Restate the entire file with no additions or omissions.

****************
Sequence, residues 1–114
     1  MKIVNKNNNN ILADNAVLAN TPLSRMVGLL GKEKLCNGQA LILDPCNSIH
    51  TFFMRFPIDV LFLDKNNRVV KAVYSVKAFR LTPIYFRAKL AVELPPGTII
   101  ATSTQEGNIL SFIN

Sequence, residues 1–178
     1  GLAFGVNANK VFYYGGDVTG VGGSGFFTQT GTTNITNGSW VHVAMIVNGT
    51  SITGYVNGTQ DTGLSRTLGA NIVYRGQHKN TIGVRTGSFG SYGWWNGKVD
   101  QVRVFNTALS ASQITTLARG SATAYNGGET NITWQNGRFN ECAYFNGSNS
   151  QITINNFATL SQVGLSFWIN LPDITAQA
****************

Sequence, residues 1–114
     1  MKIVNKNNNN ILADNAVLAN TPLSRMVGLL GKEKLCNGQA LILDPCNSIH
    51  TFFMRFPIDV LFLDKNNRVV KAVYSVKAFR LTPIYFRAKL AVELPPGTII
   101  ATSTQEGNIL SFIN

Sequence, residues 1–178
     1  GLAFGVNANK VFYYGGDVTG VGGSGFFTQT GTTNITNGSW VHVAMIVNGT
    51  SITGYVNGTQ DTGLSRTLGA NIVYRGQHKN TIGVRTGSFG SYGWWNGKVD
   101  QVRVFNTALS ASQITTLARG SATAYNGGET NITWQNGRFN ECAYFNGSNS
   151  QITINNFATL SQVGLSFWIN LPDITAQA